Fed Doesn't Care About Dollar? Minutes Show Greenback Fixation

Updated on
  • September Fed meeting minutes refer to greenback 24 times
  • Currency's gains hold down inflation, restrain exports

The Federal Reserve says it leaves the dollar policy to the Treasury. Yet the latest minutes show Chair Janet Yellen and her colleagues can’t stop talking about the currency’s strength.

Policy makers referred to the greenback 24 times in the minutes from the Federal Open Market Committee’s latest meeting on Sept. 16 and 17, when they decided to keep interest rates near zero. That’s up from 12 mentions in the July FOMC minutes, 13 in June, 12 in April, and 10 in March.

Several members of the committee saw a risk that “a higher foreign exchange value of the dollar could persist and, as a result, delay or diminish the expected upturn in inflation.” Personal consumption expenditures, a Fed-favored inflation measure, have remained below the Fed’s 2 percent target since April 2012.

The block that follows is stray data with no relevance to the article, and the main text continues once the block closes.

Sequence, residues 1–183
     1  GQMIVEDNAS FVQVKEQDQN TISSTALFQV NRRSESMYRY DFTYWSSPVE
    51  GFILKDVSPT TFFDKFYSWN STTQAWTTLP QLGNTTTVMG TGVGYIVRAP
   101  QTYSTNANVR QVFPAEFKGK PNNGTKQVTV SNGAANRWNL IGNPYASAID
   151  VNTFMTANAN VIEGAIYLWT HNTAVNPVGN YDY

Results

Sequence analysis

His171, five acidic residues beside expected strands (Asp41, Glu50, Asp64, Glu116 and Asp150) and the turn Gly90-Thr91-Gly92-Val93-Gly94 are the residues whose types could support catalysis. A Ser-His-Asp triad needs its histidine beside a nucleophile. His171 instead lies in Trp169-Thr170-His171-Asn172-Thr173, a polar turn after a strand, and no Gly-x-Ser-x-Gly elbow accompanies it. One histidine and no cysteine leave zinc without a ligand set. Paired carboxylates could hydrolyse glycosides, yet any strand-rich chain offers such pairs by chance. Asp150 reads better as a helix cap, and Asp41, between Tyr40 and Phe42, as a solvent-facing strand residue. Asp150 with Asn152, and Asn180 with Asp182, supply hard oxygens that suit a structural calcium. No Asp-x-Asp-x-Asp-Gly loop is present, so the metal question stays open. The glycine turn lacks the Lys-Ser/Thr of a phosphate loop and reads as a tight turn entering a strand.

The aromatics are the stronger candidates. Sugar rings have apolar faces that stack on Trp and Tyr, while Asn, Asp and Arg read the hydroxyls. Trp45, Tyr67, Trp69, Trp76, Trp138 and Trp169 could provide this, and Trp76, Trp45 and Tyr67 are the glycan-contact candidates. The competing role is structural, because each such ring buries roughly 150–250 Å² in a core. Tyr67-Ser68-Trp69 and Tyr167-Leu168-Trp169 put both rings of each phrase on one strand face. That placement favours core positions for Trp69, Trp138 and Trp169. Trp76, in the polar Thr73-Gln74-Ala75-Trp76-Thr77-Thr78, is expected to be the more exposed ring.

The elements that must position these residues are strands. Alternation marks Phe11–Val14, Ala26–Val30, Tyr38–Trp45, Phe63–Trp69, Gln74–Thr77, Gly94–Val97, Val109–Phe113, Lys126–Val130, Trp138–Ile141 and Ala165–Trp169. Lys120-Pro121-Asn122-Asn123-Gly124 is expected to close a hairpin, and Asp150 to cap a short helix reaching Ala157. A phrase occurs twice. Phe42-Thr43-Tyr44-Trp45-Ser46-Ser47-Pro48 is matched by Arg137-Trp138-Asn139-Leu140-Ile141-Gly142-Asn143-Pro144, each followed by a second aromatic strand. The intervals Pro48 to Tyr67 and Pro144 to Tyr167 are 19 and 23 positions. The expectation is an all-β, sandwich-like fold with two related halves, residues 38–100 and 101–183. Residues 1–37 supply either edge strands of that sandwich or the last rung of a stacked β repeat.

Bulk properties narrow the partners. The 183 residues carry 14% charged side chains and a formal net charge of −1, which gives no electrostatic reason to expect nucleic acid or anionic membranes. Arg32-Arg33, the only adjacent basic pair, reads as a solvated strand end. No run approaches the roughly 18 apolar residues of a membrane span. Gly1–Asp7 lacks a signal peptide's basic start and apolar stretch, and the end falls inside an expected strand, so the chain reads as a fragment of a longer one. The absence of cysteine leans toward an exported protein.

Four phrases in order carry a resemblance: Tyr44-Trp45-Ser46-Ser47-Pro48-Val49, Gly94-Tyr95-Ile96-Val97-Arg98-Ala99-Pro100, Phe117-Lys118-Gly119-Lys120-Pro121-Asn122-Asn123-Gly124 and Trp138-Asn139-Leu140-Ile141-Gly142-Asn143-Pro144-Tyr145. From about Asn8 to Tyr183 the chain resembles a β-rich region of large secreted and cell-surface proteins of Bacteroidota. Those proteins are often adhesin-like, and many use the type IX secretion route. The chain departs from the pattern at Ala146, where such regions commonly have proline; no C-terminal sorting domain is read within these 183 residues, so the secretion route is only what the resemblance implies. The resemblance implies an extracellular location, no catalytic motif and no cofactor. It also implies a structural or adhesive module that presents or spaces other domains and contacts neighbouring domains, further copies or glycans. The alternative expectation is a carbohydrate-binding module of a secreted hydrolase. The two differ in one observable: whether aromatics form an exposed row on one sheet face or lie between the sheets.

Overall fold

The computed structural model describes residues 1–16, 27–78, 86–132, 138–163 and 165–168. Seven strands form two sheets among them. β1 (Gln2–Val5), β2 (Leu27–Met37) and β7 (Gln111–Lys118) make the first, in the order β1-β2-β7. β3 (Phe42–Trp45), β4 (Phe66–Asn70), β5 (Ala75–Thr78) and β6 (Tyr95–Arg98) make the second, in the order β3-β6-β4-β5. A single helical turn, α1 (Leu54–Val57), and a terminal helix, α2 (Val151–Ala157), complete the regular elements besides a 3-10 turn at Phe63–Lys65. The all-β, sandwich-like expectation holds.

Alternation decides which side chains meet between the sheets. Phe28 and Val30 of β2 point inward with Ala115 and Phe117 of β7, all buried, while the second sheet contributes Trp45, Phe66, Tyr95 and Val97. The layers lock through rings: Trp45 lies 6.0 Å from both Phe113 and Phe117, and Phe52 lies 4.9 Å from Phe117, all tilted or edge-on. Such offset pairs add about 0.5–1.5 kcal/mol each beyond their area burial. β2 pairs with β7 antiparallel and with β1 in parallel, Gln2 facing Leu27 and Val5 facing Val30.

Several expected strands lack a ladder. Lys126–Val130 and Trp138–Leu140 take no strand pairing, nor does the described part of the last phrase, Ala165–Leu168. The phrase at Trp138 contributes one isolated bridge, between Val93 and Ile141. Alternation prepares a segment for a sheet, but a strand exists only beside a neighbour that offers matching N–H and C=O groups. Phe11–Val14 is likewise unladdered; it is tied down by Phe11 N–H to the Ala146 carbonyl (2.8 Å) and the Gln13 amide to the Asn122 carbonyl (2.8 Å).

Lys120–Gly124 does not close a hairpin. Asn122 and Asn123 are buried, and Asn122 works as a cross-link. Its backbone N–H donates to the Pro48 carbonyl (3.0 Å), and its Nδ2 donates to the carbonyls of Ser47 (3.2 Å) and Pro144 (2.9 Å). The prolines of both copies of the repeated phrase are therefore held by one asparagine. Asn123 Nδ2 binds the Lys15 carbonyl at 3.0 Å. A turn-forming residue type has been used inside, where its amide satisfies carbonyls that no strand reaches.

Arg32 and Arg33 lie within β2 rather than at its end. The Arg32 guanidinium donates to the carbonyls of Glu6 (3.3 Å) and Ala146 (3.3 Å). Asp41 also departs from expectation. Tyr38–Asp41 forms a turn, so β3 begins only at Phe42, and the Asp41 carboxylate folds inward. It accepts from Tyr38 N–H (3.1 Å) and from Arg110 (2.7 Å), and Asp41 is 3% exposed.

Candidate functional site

The dollar fell 0.4 percent to $1.1276 per euro and dropped 0.1 percent to 119.93 yen, while the Bloomberg Dollar Spot Index declined 0.4 percent to 1,196.57 as of 5 p.m. in New York.

The central bank sketched out how the greenback has “strongly appreciated” against the currencies of most major U.S. trading partners and emerging economies. That’s holding back economic activity and weighing on exports, it said.

An appreciating dollar tends to restrain the U.S. economy by making American products more expensive abroad, while keeping down inflation by making imports less costly.

“The dollar has become a bit of an impediment in regard to their inflation target,” said Minh Trang, a senior foreign-exchange trader at Silicon Valley Bank in Santa Clara, California. “As the dollar has strengthened over the past six to nine months, commodity prices, import prices have dropped, which means lower inflation pressure.”

— With assistance by Rachel Evans

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